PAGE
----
House Republicans' top taxwriter said Saturday he would add a federal tax break for state and local property taxes back into the tax plan set to be unveiled next week, bowing to pressure from members of his conference from blue states with high taxes.
Kevin Brady, the chairman of the Ways and Means Committee, said he was restoring a deduction for property taxes "to help taxpayers with local tax burdens."
The Trump administration and congressional Republicans had proposed to entirely eliminate the ability of federal taxpayers to deduct state and local taxes in order to pay for lower tax rates.
Saturday's concession, that the break will be partly kept, is a major one, although the exact terms of the compromise were not immediately known. The committee did not immediately respond to a request for comment.
Under current law, taxpayers can deduct both property and income or sales taxes paid at the state and local levels from their federal taxable income.
Allowing taxpayers to continuing deducting property taxes will lower revenues by $485 billion over the next decade under current law, according to the Treasury. It's not clear how much revenue would be lost under the GOP plan, because the bill is expected to include other provisions that will taxpayers' decisions to itemize deductions. But whatever the number, Republicans now will have to find another way to raise those funds or scale back their ambitions for the tax relief in the bill.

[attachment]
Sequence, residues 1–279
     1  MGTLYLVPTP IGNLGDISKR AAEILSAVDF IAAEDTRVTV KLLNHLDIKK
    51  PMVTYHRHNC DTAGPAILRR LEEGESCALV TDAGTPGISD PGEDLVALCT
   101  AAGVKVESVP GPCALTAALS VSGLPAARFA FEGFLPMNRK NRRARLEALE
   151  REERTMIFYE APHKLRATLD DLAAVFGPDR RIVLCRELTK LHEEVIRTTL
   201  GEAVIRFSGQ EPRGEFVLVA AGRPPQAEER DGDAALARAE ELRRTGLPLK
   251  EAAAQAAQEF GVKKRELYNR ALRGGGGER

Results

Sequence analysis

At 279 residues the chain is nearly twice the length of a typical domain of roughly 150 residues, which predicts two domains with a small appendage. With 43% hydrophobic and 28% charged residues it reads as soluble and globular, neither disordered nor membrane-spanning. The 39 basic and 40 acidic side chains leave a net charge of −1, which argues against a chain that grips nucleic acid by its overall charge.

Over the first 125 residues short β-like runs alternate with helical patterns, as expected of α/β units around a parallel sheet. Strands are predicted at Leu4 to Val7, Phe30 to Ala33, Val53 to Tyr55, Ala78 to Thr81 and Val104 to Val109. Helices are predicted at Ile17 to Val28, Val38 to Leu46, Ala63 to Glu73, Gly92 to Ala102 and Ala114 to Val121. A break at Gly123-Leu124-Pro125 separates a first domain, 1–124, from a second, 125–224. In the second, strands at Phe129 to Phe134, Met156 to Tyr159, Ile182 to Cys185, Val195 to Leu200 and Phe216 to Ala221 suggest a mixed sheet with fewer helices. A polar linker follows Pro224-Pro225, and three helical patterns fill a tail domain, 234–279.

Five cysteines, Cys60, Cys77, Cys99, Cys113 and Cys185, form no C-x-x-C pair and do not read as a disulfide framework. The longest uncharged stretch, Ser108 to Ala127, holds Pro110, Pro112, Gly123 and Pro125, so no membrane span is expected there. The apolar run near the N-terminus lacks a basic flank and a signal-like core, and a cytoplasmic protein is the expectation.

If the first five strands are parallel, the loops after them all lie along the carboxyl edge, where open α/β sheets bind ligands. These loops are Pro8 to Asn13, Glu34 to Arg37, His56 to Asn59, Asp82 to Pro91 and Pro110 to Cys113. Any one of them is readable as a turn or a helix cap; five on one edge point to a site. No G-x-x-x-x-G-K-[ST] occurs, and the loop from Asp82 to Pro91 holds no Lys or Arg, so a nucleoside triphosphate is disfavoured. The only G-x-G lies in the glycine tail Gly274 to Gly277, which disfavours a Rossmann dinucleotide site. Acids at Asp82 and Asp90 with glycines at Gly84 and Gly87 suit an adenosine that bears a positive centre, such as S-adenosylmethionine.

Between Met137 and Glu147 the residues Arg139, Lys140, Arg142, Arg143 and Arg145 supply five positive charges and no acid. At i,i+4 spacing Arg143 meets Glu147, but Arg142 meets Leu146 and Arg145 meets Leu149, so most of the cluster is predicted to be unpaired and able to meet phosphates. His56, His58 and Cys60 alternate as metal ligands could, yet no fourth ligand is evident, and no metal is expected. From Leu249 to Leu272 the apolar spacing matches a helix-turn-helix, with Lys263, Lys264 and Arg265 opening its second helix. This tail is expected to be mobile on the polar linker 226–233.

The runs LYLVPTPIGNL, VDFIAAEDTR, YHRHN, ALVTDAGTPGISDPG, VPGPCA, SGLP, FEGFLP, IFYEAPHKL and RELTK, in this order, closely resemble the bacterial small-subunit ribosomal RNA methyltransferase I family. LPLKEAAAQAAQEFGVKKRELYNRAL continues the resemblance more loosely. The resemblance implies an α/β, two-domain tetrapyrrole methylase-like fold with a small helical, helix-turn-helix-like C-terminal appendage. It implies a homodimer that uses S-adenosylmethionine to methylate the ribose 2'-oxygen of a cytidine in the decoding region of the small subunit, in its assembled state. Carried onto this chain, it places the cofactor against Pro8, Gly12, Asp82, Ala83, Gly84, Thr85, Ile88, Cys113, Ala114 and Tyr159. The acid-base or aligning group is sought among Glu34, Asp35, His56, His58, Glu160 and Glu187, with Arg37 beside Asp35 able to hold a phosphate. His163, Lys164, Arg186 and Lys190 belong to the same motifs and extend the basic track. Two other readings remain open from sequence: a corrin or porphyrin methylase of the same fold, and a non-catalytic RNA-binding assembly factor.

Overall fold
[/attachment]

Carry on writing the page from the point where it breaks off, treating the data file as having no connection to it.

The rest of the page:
Brady's statement came after a key constituency, a group of homebuilders, said he had backed away from a deal to instead create a homeownership credit that would have been available to "tens of millions" of taxpayers, offsetting the hit to homeownership by the loss of the property tax deduction.
The homeownership credit also would have helped ameliorate the negative effects of the GOP plan on the mortgage interest deduction. Because the plan is to double the standard deduction, far more people would have taken the standard deduction rather than itemize deductions like the one for mortgage interest, undercutting its importance.
Granger MacDonald, the National Association of Homebuilders' president, bashed the House Republican tax plan in a statement, saying it would "hurt millions of hard-working American families and marginalize homeownership. The American people deserve better."
"I hope members of Congress will examine it closely to determine if they want it included before tax reform heads to the president’s desk," Brady said of the homebuilders' proposed credit.
Brady aims to release his bill on Wednesday, and then introduce it in his committee next Monday.
Saturday's concession is the first major change to be announced to the plan, which is being guided by a framework jointly agreed to by Republican leadership in the House and Senate and the Trump administration. In the coming weeks, the GOP will face pressure from lobbyists to retain other breaks and loopholes in the plan, jeopardizing the goals of lowering business and individual tax rates.